Stunning sunshine and the crowning of supreme champions brought this year’s Great Yorkshire Show to a close – after it had enjoyed a fourth day for the first time in history.

The show was adapted this year to be covid safe, with capacity reduced to meet strict Government guidelines. It was sold out before it started, with a 26,000 capacity per day.

But show director Charles Mills said it had been a ‘heart-warming event’. “It’s been an important step back to normality for everyone and I think we appreciated it all the more after the most difficult 18 months,” he said.

“To welcome our Patron, Prince Charles and the Duchess of Cornwall was a day I shall never forget and was just the tonic we all needed, adding that extra sparkle to the show which we all wanted so much.”

Charles and Camilla spent hours touring the show in sweltering conditions on Thursday.

It was the largest public gathering – with some 20,000 visitors – the couple have walked among since the pandemic started.

Charles looked happy to stop and chat to visitors during his three-hour tour of the huge site.

He spoke to Hannah Richardson, from Ripon, who brought her eight-month-old baby Phoebe to the show.

Afterwards, Mrs Richardson said: “I can’t believe she has met the prince – this is the first big event she has been to because of lockdown.”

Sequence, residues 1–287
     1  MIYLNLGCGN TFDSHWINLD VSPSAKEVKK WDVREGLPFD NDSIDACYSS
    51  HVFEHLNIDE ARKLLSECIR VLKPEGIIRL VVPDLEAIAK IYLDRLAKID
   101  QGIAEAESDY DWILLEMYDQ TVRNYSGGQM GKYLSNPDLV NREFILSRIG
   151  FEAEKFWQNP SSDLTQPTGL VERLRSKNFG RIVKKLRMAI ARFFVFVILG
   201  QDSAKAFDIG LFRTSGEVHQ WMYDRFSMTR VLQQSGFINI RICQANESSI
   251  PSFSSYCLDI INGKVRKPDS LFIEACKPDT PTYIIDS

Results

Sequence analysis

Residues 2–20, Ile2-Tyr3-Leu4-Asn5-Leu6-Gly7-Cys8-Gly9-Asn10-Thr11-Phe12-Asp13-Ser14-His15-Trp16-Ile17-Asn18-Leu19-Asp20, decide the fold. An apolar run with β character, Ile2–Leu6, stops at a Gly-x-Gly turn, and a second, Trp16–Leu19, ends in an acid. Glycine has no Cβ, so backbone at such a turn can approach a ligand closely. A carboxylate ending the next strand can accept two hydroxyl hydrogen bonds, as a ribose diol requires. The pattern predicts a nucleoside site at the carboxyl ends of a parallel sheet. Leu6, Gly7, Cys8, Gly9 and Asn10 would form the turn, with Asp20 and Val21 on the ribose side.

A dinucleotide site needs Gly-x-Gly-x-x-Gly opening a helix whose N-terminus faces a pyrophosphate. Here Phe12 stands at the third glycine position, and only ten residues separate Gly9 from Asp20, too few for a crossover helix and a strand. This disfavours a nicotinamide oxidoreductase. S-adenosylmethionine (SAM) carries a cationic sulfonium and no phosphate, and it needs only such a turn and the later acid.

And Charles was given a warm welcome by horse trader and father-of-six Red Lee Smith, who spotted the prince and gave him a booming hello as he walked by.

The gypsy from Dublin is currently staying in Doncaster, South Yorkshire, and told Charles he was visiting the show with his family.

After asking: “Can I get a photo with Mr Charles?” Mr Smith told the prince: “You’re looking well.”

Charles replied: “Not too bad yourself.”

Afterwards, Mr Smith said: “He’s all right. I’ve met him before. I’ve met Harry a few times too.”

The prince stopped for selfies with some groups and chatted to fruit seller Ollie Fuller, who gave him a punnet of strawberries from Thirsk, North Yorkshire.

Chief Executive Nigel Pulling, of Yorkshire Agricultural Society which organises the show, added: “It’s always a huge amount of work to stage this event and this year, because of the pandemic, it’s been all the more challenging.

“For the first time we understandably had to cap numbers so we are sorry to those who couldn’t get a ticket and we hope you will be back next year.

He added: “We’ve worked closely with North Yorkshire County Council Public Health and Harrogate Borough Council to meet strict criteria to make the event Covid safe and it was terrific to see so many people having such a great day out.”

There was fierce competition in the judging rings on Friday, the show’s last day, with winners crowned for Best Pig in Show, Supreme Beef, Supreme In-Hand equine, Supreme Sheep and Blythewood Beef Pairs.

The ceremonial President’s Handover then took place in the main ring with Sir William Worsley officially handing over to Margaret Chapman, the show’s chief cattle steward since 2008, for next year.

The Chapman family has been part of the show for over 100 years, and Margaret introduced the Blythewood Pairs Competition in the cattle section to find the best matching pair of animals from each breed. It’s now one of the most prestigious competitions in the show.

The dates for next year’s 163rd Great Yorkshire Show will be Tuesday July 12 to Thursday July 14, 2022.